Turning now to FIGS. 1, 2 and 13, the forearm section 14 will be described in greater detail. The forearm section 14 grasps a forearm along its length following the radius and ulna bones. In use, the forearm half-shells 40, 42 are positioned and clamped about the residual limb below the elbow using perforated straps 48 having a series of spaced openings 100 which engage posts 102 formed on the surface of the half-shell forearm pieces 40, 42. Tension may be controlled by the user to ensure comfort which may be modified throughout the time period the prosthetic device is worn. A rear sizing plate 46 is further provided to secure the half-shells 40, 42 together. As illustrated, the rear sizing plate is provided with four elongated slots 104 which are positioned to overlie apertures 106 formed in the half-shells 40 and 42. A threaded boss and screw are positioned through the overlying apertures 106 and slots 104 and secured together to interconnect the half-shells 40 and 42 with the rear sizing plate 46. The threaded boss and screw (not shown) may be adjustably positioned along the length of the slots 104 to accommodate different sizes of a user's forearm.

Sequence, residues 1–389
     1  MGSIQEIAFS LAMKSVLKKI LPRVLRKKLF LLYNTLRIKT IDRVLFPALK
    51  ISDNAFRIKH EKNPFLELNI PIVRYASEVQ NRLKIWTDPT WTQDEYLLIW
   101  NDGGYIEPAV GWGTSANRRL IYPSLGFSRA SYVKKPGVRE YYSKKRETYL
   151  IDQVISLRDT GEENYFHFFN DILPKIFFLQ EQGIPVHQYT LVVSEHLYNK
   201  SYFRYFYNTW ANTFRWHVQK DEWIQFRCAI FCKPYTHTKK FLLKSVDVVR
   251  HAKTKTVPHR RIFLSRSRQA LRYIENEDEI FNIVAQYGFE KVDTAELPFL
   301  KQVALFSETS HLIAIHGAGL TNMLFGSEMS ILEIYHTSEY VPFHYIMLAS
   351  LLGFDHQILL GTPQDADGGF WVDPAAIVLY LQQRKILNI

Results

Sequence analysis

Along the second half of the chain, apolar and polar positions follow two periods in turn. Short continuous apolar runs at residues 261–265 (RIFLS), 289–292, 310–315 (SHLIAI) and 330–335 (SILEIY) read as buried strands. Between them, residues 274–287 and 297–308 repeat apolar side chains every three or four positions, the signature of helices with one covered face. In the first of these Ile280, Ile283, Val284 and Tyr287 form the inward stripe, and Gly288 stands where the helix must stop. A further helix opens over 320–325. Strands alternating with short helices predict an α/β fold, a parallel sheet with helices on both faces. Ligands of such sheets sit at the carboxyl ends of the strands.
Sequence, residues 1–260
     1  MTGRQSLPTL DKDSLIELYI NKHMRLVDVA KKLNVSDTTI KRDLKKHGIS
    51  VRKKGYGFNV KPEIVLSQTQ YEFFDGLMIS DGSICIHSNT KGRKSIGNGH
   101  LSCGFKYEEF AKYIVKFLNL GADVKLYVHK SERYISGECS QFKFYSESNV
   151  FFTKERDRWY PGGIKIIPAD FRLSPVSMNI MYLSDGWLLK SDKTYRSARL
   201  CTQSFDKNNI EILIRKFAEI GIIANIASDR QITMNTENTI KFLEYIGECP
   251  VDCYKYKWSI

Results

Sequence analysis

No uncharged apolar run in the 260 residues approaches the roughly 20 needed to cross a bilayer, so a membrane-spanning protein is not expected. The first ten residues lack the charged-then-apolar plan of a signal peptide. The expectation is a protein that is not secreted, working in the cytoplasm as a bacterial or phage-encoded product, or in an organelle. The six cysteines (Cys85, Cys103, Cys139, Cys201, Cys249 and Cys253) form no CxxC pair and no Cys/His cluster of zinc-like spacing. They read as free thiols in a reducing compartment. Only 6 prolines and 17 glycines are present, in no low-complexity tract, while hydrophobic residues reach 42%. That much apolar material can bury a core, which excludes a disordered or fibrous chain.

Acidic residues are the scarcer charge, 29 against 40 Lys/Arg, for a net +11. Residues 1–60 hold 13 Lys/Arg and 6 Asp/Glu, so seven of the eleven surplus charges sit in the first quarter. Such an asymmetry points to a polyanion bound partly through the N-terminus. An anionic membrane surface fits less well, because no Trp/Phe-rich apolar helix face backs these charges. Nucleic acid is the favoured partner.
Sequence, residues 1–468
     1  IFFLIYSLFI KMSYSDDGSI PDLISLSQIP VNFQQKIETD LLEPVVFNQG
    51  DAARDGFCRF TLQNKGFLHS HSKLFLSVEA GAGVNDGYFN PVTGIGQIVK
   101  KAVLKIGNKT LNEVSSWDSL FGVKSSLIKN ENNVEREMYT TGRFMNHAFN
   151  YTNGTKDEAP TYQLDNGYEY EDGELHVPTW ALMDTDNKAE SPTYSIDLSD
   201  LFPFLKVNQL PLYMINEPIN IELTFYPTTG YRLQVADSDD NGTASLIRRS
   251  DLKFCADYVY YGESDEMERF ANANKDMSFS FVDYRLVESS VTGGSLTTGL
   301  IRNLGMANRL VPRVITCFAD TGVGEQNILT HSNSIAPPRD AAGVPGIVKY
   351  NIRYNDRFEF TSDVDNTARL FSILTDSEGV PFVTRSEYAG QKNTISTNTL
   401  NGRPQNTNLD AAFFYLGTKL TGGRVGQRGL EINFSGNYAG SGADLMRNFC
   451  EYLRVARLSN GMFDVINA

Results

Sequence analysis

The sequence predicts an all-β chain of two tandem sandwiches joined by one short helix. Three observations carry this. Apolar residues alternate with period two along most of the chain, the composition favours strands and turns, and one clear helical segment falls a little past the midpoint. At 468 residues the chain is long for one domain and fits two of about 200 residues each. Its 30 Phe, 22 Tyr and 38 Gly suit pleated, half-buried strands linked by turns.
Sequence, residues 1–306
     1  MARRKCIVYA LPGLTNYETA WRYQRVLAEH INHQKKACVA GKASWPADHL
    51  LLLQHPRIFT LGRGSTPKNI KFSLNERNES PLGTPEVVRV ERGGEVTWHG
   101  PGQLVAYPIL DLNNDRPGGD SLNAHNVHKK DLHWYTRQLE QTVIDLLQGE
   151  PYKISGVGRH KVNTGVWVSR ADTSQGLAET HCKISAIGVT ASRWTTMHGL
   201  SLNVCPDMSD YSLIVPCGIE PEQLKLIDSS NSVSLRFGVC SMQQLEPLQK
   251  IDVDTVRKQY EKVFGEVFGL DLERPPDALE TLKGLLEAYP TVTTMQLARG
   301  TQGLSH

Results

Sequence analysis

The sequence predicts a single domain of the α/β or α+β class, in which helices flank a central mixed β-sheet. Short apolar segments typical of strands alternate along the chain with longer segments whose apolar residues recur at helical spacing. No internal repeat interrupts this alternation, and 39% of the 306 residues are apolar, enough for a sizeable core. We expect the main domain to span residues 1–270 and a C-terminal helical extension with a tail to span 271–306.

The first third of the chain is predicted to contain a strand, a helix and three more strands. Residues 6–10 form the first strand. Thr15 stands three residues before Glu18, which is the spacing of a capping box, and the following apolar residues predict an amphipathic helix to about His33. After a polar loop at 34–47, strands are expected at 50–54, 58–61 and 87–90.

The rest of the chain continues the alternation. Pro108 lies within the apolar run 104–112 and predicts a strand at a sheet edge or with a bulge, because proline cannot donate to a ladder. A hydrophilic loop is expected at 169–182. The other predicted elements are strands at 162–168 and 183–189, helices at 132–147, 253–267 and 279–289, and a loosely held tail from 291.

As shown in FIGS. 1 and 13, the two half-shells 40 and 42 do not completely enclose the user's forearm. Rather, the half shells are shaped to provide an opening 108 to allow for heat dissipation as well as evaporation of sweat and moisture. As shown in FIG. 1, part of the opening 108 may be covered by the tongue 44. Similarly, additional openings may be formed in the half-shells 40 and 42 to provide further cooling and evaporative functionality. Further still, cutouts and outwardly formed bulges or reliefs may be formed in the half-shells 40 and 42 to provide contact pressure relief for arteries, veins and nerves, and to provide relief for adipose tissue to move with movement of the prosthetic device 12 without painful pinching. Indentations may also be located within the forearm half-shells 40 and 42 to provide specific contact points on the forearm. These indentations grasp remaining musculature and soft tissue. With reference to FIGS. 1, 2 and 13, a tongue 44 is shown as part of the forearm section assembly. The tongue 44 acts similar to the tongue on a shoe to facilitate placement of the forearm section 14 on the residual limb of a user and to act as a pad as needed. The tongue 44 as best shown in FIG. 13 opposes the rear sizing plate 46 and therefore provides additional surface area in contact with the limb for support.